It’s Time to Reexamine Your Company’s Restrictive Covenant Agreement

Last month, the Arizona Court of Appeals adopted a narrow view of the enforceability restrictive covenant agreements in a case brought by Orca Communications Unlimited, LLC (“Orca”) against its former President, Ann Noder.  Orca alleged that Noder started a competitive business and solicited Orca customers in violation of the restrictive covenant agreement (the “Agreement”) she signed during her employment at Orca.

The court struck down the confidentiality, non-compete and non-solicitation covenants contained in the Agreement, finding “the covenants restrict too much information and too much activity.”  For example, the Court held that the definition of confidential information was too broad because it included public information that was only  available through “substantial searching of published literature” or that had to be “pieced together” from a number of publications or sources, as well as any information that Noder came across during her employment at Orca.  Also, the customer non-solicitation provision was deemed too broad because it prohibited the solicitation of persons or entities Orca was “planning to solicit” and former Orca customers.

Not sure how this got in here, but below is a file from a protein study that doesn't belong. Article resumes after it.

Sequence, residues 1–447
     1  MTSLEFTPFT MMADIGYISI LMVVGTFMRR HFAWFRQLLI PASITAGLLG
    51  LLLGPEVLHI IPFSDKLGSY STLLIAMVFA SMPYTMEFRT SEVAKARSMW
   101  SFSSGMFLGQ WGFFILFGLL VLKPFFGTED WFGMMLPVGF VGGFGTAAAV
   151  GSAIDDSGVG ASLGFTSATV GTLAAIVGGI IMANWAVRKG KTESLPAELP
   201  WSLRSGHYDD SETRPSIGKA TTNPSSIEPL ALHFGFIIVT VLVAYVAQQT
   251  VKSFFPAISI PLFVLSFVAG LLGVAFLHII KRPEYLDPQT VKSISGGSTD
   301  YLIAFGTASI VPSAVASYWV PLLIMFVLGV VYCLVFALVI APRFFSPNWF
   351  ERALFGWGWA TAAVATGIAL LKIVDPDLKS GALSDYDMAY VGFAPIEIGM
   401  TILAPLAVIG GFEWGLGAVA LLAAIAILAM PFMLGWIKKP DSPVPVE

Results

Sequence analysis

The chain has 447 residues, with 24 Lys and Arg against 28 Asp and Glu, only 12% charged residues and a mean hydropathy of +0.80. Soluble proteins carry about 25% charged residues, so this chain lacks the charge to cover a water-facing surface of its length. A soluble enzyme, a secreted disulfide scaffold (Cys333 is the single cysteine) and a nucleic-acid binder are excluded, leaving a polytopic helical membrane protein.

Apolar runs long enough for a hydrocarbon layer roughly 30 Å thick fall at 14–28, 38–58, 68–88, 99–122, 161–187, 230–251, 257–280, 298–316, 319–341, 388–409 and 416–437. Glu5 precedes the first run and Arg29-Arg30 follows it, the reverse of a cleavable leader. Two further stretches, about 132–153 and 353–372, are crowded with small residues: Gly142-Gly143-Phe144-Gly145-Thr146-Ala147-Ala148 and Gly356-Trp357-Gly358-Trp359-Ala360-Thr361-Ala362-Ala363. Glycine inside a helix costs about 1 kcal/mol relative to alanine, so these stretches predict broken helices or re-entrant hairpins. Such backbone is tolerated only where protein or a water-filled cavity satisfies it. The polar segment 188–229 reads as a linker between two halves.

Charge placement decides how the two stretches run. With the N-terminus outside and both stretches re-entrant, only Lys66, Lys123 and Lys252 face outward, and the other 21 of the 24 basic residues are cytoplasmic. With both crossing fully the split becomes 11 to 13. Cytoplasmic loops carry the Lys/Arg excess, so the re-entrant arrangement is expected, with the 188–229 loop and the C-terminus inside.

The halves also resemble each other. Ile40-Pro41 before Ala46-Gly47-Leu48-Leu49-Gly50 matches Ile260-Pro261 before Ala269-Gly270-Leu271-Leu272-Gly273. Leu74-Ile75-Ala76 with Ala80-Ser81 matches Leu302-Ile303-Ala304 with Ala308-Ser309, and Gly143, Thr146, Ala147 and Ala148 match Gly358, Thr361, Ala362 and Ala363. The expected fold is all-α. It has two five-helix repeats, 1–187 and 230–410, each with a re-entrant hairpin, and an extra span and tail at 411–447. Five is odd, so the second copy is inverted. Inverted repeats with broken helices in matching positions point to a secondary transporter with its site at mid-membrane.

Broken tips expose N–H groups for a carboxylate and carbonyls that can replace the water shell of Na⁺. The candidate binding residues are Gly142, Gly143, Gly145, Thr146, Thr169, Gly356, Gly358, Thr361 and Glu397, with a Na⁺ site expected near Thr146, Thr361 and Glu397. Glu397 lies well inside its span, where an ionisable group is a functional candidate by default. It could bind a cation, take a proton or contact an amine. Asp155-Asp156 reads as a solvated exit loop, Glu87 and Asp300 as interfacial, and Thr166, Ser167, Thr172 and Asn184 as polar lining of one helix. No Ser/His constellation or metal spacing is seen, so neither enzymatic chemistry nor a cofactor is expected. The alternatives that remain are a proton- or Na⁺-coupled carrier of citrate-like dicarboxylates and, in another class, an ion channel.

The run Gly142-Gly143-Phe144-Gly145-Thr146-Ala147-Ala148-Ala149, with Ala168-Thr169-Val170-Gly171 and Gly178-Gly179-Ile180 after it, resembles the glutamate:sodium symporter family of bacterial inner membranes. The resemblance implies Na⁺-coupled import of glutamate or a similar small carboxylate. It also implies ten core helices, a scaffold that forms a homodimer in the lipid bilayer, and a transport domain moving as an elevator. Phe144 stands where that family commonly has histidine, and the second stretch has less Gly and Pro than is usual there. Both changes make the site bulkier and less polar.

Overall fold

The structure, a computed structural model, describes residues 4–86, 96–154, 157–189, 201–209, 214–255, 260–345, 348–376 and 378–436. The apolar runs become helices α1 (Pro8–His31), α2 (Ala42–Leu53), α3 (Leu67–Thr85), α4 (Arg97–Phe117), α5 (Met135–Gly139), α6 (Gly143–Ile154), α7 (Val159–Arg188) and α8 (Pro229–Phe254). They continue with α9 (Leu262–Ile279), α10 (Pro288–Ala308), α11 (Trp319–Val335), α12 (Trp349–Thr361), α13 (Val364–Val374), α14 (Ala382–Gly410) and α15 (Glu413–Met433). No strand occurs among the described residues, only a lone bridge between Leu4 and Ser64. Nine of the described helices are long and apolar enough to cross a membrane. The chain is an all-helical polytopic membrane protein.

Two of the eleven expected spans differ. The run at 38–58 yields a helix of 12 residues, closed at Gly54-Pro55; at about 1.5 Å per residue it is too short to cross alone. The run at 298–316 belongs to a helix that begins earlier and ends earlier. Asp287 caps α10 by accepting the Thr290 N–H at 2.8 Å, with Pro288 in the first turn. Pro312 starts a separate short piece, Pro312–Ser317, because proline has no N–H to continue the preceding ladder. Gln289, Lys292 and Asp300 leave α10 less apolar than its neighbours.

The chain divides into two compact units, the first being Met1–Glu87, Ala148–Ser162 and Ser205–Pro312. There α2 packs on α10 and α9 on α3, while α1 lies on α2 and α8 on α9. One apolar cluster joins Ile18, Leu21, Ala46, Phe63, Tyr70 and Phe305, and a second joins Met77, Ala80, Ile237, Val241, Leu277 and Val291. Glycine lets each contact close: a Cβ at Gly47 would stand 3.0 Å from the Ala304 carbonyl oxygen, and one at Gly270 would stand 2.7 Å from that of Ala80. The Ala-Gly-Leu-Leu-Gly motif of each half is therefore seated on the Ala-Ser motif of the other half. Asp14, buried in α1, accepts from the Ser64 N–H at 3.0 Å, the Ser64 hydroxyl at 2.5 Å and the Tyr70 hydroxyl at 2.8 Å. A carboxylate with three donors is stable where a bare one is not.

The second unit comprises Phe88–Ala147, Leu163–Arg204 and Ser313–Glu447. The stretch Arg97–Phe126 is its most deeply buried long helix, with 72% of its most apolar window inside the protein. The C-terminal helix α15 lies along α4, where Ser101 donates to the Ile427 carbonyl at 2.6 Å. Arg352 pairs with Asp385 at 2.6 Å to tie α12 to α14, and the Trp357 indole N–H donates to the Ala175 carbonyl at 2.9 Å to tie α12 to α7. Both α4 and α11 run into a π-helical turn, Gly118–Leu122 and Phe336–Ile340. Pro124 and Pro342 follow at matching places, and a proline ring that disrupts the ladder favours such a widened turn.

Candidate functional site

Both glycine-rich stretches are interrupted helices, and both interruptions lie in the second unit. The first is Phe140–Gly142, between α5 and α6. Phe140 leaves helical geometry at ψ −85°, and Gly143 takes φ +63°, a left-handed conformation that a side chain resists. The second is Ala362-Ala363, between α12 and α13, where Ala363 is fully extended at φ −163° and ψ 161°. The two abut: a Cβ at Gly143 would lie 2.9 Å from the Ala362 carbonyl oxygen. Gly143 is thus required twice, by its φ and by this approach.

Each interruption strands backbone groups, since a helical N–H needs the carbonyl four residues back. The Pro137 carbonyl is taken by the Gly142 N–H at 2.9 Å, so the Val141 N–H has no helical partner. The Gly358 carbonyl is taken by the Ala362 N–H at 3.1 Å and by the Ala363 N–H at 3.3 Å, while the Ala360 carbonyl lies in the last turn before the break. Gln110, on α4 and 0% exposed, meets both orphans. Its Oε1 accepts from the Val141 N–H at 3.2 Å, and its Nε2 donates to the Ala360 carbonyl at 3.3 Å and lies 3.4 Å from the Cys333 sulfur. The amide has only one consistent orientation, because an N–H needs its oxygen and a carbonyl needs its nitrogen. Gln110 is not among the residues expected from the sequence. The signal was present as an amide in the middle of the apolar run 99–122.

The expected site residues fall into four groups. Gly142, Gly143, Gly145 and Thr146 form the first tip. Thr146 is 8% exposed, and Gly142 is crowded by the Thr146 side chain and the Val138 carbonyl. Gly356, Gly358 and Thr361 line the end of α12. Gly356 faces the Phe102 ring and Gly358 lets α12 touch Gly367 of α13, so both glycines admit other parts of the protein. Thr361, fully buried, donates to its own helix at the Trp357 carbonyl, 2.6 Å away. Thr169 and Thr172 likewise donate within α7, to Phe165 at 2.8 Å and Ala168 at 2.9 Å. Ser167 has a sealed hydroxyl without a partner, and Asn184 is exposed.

While the court rejected Orca’s breach of contract claim, it allowed several business tort claims to proceed against Noder based on her alleged disloyal conduct before she resigned. 

Although the Orca case is subject to further appellate review, it is the current law in Arizona and should prompt review of your company’s restrictive covenant agreements to ensure compliance with this new legal standard.